Desert Island Singles: “Lovesick Blues” by Hank Williams and His Drifting Cowboys (1949)

Image from secondhandsongs.com

Image from secondhandsongs.com

This is by far the oldest song I’ve nominated as a Desert Island Disc. The previous record-holder was from 1966.

When I was a snotty know-it-all country music-hating fourteen-year-old, if you had told me that one day I would admire a Hank Williams song this much (or at all), I would have laughed in your face. Funny what a difference forty-some years can make. But this is a remarkable song, which shows the ingenuity of Williams and the timelessness of this song (though it was published the year before Williams was born).

“Lovesick Blues” was written by Irving Mills and Cliff Friend, and published in 1922. It was first performed that year in a musical called “Oh! Ernest.” (I suspect there’s a reason no one has ever heard of the musical “Oh! Ernest.”) It was recorded a few times, most notably in 1925 by blackface minstrel singer Emmet Miller, and in 1939 by country singer Rex Griffin. Williams listened to both versions and started performing it in 1948 on the popular “Louisiana Hayride” radio show. According to radio producer Horace Logan, “the crowd went crazy.”

Williams decided to record the song just before Christmas 1948, over the protests of his band and record producer. Its release was delayed till mid-February 1949, due to some uncertainty over the song’s publishing rights: Williams told his producer that he bought the rights from Griffin. The single sold 50,000 copies in the first two weeks, quite an accomplishment in 1949. It was Williams’ first number-one hit on Billboard’s country-western charts, where it remained for sixteen weeks.

(Turned out that Irving Mills stepped up and claimed he still owned the song. Months later Williams’ managers ironed out an agreement with Mills to share the rights. One wonders if Mills would have bothered to step up if Williams hadn’t scored such a hit.)

“Lovesick Blues” became Williams’ signature song, which he used to close his shows. It also garnered him the stage nickname of “The Lovesick Blues Boy.” On its strength Williams made his debut at the prestigious “Grand Ole Opry” on June 11, 1949, where he became the first performer to receive six encores. He remained with the Opry till 1952. In 2004, “Lovesick Blues” was added to the National Recording Registry by the Library of Congress. It’s been covered by dozens of artists including Patsy Cline, Kitty Wells, Linda Ronstadt, Slim Whitman, Glen Campbell, Merle Haggard, Charley Pride, Jerry Lee Lewis, Little Richard, and LeAnn Rimes.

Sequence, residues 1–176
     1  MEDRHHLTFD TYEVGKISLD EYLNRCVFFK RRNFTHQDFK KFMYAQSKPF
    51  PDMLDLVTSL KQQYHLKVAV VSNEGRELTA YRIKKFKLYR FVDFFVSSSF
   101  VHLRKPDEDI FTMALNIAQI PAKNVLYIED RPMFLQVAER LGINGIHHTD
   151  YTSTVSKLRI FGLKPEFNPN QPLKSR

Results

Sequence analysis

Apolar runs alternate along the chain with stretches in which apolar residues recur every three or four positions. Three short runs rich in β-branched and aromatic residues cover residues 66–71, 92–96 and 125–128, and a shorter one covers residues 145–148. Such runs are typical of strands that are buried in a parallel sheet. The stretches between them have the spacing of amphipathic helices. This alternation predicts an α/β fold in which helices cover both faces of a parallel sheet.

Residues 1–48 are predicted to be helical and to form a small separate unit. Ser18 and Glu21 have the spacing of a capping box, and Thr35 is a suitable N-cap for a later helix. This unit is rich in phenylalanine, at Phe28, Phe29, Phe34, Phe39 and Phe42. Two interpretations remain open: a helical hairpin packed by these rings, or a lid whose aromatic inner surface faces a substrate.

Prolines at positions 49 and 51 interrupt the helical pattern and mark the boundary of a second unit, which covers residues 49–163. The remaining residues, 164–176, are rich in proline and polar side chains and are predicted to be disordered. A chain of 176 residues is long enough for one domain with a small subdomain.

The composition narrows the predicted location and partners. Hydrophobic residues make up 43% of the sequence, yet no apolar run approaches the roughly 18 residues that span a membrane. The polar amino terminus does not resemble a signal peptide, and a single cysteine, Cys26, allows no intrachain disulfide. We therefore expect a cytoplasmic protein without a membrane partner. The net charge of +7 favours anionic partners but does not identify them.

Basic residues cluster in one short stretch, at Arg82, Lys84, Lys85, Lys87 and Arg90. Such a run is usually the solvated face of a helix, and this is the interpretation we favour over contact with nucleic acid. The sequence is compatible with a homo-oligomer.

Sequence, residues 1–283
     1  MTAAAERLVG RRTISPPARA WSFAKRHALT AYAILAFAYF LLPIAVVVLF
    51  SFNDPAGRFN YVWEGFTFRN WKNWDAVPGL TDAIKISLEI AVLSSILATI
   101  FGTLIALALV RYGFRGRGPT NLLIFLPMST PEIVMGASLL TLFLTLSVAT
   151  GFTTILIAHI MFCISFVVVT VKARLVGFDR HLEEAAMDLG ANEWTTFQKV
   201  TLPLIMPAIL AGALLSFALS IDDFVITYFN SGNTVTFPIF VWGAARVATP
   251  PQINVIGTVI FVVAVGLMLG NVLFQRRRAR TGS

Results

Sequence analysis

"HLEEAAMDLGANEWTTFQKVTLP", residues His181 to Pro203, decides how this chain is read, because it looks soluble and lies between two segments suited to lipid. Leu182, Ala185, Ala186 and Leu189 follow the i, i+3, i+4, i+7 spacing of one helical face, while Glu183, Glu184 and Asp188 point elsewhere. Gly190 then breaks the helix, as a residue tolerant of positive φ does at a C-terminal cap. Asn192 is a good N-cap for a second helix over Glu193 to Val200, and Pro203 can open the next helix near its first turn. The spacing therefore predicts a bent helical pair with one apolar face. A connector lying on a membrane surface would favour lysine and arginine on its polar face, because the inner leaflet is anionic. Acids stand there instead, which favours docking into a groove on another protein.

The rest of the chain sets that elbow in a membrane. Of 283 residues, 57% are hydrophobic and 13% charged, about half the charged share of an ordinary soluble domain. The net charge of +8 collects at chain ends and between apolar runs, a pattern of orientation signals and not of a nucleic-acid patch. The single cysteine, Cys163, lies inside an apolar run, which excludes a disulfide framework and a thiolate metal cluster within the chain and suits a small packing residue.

With the heartbreak in his masterful delivery and the tight performance of the Lonesome Drifters, Williams turned a cast-off song from a forgotten musical into a classic of country music. A Desert Island Single to be sure.

I got a feelin’ called the blues, oh, Lord
Since my baby said goodbye
Lord, I don’t know what I’ll do
All I do is sit and sigh, oh, Lord

That last long day she said goodbye
Well, Lord, I thought I would cry
She’ll do me, she’ll do you, she’s got that kind of lovin’
Lord, I love to hear her when she calls me sweet daddy

Such a beautiful dream
I hate to think it’s all over
I’ve lost my heart, it seems
I’ve grown so used to you somehow
Well, I’m nobody’s sugar daddy now
And I’m lonesome, I got the lovesick blues

Well, I’m in love, I’m in love, with a beautiful gal
That’s what’s the matter with me
Well, I’m in love, I’m in love, with a beautiful gal
But she don’t care about me

Lord, I tried and I tried to keep her satisfied
But she just wouldn’t stay
So now that she is leavin’
This is all I can say

I got a feelin’ called the blues, oh, Lord
Since my baby said goodbye
Lord, I don’t know what I’ll do
All I do is sit and sigh, oh, Lord

That last long day she said goodbye
Well, Lord, I thought I would cry
She’ll do me, she’ll do you, she’s got that kind of lovin’
Lord, I love to hear her when she calls me sweet daddy

Such a beautiful dream
I hate to think it’s all over
I’ve lost my heart, it seems
I’ve grown so used to you somehow
Lord, I’m nobody’s sugar daddy now
And I’m lonesome, I got the lovesick blues

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One Comment on “Desert Island Singles: “Lovesick Blues” by Hank Williams and His Drifting Cowboys (1949)”

  1. […] “Lovesick Blues” by Hank Williams and His Drifting Cowboys (1949) 8/8/14: “New Slang” by The Shins (2001) 7/29/14: “Too Late” by Shoes (1979) […]


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